On April 1, 2016, the Bureau of Labor Statistics released its summary of job activity for March 2016 and the numbers for the construction industry are very promising. Construction added 37,000 jobs in March 2016, and Engineering News-Record indicates that the overall unemployment rate for construction has dropped from 9.5 percent in March 2015 to 8.7 percent in March 2016. This news offers a lot of speculation from experts who are waiting for the threshold where supply and demand causes construction wages to go up.
A Lot Of Construction Jobs Added In 2016
The BLS indicates that the construction industry has added 301,000 jobs from March 2015 to March 2016, which helps to keep construction at the top of the list of industries adding jobs. The economy overall added a total of 215,000 jobs during March 2016, which shows how the falling unemployment rate in construction is partially a result of the overall good health of the American economy.
Construction Outgains The Rest
The gain in jobs for construction in March 2016 was ahead of all other business sectors, and it showed the greatest gain in specialty contractors. For just the month of March 2016, specialty contractors added 18,100 jobs, with heavy construction in the civil engineering trade coming in second with 11,200. There were also significant gains in residential construction throughout the country, which means that people can start to expect the housing shortage in the United States to be eased a bit.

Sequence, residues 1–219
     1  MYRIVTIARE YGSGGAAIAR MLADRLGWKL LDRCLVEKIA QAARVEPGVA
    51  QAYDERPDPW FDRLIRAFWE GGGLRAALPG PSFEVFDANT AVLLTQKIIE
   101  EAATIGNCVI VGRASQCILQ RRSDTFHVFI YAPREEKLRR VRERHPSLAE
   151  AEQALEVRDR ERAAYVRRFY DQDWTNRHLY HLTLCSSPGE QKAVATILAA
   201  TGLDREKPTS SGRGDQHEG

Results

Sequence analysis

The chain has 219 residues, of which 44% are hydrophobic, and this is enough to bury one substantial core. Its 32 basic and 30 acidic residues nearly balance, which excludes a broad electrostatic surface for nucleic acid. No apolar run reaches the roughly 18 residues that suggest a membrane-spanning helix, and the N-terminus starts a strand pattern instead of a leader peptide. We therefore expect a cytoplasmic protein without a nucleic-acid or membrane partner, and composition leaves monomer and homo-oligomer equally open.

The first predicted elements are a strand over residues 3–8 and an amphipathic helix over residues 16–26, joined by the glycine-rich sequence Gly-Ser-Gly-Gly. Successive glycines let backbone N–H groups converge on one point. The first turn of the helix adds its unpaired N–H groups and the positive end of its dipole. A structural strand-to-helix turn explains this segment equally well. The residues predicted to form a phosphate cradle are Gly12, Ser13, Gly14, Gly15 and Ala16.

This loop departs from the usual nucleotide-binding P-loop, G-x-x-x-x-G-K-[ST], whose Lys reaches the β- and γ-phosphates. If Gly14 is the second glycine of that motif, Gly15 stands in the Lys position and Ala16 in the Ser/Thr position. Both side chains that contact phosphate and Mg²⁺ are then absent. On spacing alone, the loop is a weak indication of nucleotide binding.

Demand Is Outpacing Supply
While the dropping unemployment rate in the construction industry is great news for the entire economy, it is shining a spotlight on a problem that has been growing in the industry for a little over a year. Unfortunately for contractors, the talent pool in the construction industry is not quite as deep as they need it to be. While the unemployment rate is dropping, the number of new job openings that may never be filled is increasing.
According to ForConstructionPros.com, the open position rate for the first quarter of 2016 was up 2.3 percent compared to the same period in 2015. In February 2016, the number of people quitting construction jobs jumped 1.5 percent when compared to February 2015. The number of unfilled construction jobs jumped to 193,000 in February 2016, this is 16,000 jobs higher than the peak of this problem in May 2015.
Despite the struggles construction companies are facing in maintaining their hiring pace, the prospects for the construction industry are extremely bright. It is estimated that the construction industry is increasing employment at a rate that is twice that of the rest of the American economy. For the foreseeable future, the construction industry is not only showing strong signs of stability, it is showing a sustained ability to grow for the future.
When you need to stay up to date on the latest construction information, including statistics on the growth of the construction industry, then you need to get involved with PDH Contractors. You can browse courses by state on the PDH Contractors website and find the information you need to grow and manage your construction business.